The First Ten pages
The BBC admits that it only reads the first ten minutes of plays and screenplays submitted to them. If they’re not grabbed by then they don’t read on. Only if they are hooked do they read the complete play. What chance has the new writer who hasn’t gone through a rigorous process of analysis and re-writing have of getting his bright new play read, let alone produced?

We are all far too close to our own work to properly see what we have on the page or understand what works and what does not. I have worked on radio and have had plays produced. I also write movie and television screenplays but I wouldn’t dream of submitting my work to a producer or broadcaster before I have it looked at and analysed by a script editor that I know and trust. Every time I’ve had my work analysed I’ve had fresh new insights into what works and what doesn’t and what can make it better. I don’t mean sometimes, I mean every time.

Give Yourself the Best Chance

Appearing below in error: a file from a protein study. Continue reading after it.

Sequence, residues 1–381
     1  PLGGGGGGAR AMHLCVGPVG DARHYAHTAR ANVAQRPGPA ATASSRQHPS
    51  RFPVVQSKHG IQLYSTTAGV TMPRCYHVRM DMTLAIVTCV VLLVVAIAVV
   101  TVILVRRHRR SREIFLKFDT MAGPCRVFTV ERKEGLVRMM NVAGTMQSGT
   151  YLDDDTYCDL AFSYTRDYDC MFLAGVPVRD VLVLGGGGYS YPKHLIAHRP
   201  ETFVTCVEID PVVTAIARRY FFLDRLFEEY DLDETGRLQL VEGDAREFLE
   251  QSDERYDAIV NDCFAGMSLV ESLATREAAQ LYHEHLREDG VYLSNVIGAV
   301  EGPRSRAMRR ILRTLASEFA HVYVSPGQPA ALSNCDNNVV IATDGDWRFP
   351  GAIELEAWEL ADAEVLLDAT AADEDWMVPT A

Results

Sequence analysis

Why would a writer not want to give himself the best chance of being produced by missing out this key element in the chain that starts with a blank page and ends up with a broadcast? We all need to be aware of this simple fact. Readers never say to themselves, “Oh yes I see what he’s getting at, I’ll just imagine the scenes that should have been there and not the one’s I’m reading”. Never.

You might think that of course I would say that. I’m offering a script editing service. Yes I am, but only because I have read so many plays that could have been much, much better if the writer had just consulted a good editor.

Somebody once said ‘there are fewer good readers than good writers’. I certainly wouldn’t go that far but a good reader can give your script that something extra that lifts it out of the ordinary and helps get it made. Isn’t that what we all want?

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Hi Everybody.

And Welcome to my new blog, all about the art and craft of scriptwriting radio drama.
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I am John Morrison, a working scriptwriter and teacher with a love of radio drama.

I will be posting how-to ideas, observations on the playwright game,  general info on radio and  all sorts of hoojar on the business of writing and selling scripts for radio.

I also offer a script editing service that differs from others in that it’s specifically targeted at those who are trying to get radio plays read and produced. 

Stay tuned here and hopefully see your play honed in to shape, ready for a radio production.